For all the talk about how Bobby Valentine can change the Red Sox, let's remember that he's taking over a team that spent 4 1/2 months as the best team in baseball.
"He fell into a bed of roses," another big-league manager said Wednesday, the day the Red Sox made it official that Valentine will take over as their new manager.
Valentine will try to avoid the thorns. The Red Sox front office gets to spend the next couple of months finding a few more roses.
It can't be any harder (or as time-consuming) as finding a new manager, right?
Besides, the Sox got a good long look at what needs to be done, in the form of September's painful collapse.
The problem is that we're now two months into Boston's offseason, and rather than get a start on fixing what's wrong on the roster, the Red Sox added to their issues by losing free-agent closer Jonathan Papelbon to the Phillies.
Somewhere, the Red Sox will find a new closer. One rival official predicted Wednesday that the Sox will be the team that ends up trading for Andrew Bailey, the very-available A's right-hander.
But where will the Sox find two or more new starting pitchers?
If there was one biggest key to sinking the Sox in September -- yes, bigger than clubhouse beer and fried chicken -- it was the failure to find or develop enough rotation depth. Aces Josh Beckett and Jon Lester were subpar in the final month, and Clay Buchholz was hurt, but the Sox were forced to use the overmatched Kyle Weiland or the over-age Tim Wakefield to start far too many games.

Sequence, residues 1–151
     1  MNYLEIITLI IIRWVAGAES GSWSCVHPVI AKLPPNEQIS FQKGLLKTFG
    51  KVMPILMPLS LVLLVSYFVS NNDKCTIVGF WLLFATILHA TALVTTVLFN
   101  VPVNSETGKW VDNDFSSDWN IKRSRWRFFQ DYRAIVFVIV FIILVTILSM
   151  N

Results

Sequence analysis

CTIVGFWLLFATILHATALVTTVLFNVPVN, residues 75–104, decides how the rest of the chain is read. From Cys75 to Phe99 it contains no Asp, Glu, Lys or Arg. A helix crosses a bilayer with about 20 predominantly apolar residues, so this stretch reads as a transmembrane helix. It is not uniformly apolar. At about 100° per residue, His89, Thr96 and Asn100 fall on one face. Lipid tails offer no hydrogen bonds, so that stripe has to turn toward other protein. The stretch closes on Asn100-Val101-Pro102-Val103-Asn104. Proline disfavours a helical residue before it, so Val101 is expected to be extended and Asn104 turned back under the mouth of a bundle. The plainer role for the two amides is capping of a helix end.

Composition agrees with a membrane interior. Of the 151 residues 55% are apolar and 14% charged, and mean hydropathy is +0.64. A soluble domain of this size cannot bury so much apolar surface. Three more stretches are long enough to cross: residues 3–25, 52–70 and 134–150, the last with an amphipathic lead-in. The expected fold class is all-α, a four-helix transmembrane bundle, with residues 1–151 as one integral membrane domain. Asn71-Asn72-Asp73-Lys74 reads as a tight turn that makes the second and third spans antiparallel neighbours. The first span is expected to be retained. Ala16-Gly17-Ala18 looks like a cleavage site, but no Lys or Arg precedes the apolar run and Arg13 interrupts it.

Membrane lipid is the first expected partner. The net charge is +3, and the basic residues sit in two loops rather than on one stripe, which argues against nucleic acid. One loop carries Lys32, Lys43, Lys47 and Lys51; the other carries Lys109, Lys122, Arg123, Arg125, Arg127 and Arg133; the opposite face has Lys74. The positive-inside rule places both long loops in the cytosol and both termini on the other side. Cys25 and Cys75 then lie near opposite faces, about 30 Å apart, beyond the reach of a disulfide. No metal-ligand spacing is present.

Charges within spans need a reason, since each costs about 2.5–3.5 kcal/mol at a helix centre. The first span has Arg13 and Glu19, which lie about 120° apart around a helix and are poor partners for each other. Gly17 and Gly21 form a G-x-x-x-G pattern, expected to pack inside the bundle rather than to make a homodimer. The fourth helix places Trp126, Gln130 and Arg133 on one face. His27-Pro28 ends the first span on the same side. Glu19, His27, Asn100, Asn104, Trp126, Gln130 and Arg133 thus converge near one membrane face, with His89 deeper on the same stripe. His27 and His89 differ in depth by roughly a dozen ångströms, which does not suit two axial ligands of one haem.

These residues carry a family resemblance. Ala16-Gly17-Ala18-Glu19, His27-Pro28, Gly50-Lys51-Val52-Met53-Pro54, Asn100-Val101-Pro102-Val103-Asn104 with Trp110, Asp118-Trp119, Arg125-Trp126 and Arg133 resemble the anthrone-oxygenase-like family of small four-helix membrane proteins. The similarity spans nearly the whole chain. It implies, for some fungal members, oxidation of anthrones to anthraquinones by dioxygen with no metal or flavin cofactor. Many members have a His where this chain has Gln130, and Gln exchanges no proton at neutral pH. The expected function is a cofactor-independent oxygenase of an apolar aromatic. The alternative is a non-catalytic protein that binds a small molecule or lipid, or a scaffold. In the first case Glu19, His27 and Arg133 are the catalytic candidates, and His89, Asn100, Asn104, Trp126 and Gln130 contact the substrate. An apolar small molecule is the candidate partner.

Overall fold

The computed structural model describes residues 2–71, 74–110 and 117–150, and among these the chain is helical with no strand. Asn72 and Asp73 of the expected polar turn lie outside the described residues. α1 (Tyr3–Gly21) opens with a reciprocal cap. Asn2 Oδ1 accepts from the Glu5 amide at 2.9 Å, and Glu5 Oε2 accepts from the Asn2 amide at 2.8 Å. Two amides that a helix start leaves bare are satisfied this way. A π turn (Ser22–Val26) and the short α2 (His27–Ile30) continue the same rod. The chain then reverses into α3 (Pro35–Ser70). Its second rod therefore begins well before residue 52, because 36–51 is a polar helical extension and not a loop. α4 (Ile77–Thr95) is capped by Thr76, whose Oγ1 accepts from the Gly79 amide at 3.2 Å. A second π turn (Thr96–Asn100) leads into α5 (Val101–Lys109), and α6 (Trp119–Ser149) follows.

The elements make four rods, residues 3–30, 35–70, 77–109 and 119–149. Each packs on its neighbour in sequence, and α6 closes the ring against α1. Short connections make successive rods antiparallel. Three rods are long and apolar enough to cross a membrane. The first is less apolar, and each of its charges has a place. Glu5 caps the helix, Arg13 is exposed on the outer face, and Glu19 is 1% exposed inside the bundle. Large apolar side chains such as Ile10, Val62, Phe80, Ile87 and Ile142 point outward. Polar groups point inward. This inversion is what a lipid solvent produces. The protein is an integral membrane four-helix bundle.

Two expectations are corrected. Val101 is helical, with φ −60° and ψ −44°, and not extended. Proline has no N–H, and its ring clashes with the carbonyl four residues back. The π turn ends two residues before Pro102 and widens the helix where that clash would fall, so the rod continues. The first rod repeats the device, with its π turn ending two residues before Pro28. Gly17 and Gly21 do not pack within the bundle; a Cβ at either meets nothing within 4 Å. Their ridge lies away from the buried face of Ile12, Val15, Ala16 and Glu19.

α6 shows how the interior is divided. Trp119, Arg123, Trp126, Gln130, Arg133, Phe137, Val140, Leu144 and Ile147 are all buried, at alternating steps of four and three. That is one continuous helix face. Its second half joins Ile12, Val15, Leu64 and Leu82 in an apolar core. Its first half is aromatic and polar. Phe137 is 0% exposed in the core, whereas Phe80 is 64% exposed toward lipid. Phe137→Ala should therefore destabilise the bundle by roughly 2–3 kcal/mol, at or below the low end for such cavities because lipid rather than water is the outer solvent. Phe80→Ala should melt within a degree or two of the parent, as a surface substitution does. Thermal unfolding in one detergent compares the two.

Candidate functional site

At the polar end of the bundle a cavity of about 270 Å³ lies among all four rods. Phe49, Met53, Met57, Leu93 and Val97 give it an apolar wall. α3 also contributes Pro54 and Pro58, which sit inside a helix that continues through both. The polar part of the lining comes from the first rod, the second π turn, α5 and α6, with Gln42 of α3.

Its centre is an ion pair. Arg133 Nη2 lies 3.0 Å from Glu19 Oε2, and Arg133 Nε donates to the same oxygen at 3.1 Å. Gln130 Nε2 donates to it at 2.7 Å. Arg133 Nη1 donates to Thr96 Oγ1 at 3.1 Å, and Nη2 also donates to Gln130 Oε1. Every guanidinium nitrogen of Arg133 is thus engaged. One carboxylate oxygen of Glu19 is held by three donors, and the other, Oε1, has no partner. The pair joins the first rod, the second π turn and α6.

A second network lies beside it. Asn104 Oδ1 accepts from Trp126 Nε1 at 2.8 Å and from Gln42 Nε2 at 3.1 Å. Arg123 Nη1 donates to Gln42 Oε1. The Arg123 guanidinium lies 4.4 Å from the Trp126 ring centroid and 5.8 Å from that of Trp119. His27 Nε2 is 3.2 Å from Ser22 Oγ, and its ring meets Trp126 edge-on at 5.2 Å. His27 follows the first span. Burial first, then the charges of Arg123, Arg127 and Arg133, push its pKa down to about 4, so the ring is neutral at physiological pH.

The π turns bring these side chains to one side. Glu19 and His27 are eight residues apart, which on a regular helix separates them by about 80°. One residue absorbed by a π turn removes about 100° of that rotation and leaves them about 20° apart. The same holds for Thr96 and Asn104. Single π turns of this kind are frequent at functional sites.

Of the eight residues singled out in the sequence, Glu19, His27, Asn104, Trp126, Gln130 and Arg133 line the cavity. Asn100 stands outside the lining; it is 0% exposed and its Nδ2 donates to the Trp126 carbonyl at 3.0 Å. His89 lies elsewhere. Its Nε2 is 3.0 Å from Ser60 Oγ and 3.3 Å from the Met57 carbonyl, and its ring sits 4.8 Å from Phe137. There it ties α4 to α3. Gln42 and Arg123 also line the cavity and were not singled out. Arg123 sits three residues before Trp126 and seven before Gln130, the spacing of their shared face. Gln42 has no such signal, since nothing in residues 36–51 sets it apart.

The Red Sox also need another outfielder. No, they need a right-handed hitting outfielder.
Boston's collapse was mostly pitching-driven, but Kevin Youkilis' injury also left the Red Sox lineup far too weak against left-handed pitching. The Red Sox tried to add a right-handed hitter at the July 31 deadline last summer, but couldn't get it done (just as they couldn't add enough pitching depth).
More roster depth all-around wouldn't hurt. One scout who saw the Red Sox in September said Wednesday that he was surprised by how much the team seemed to be affected, offensively and defensively, by the Youkilis injury.
The problems are obvious. The solutions are out there, and maybe front-office power-broker Larry Lucchino and general manager Ben Cherington won't have as hard a time agreeing on the answers as they did on a manager.
Just remember that the Red Sox are fixing a team that is already one of baseball's very best, despite what you saw in September (and despite the chaos you've seen since then).
"They're loaded," the rival manager said.
Yes, they are.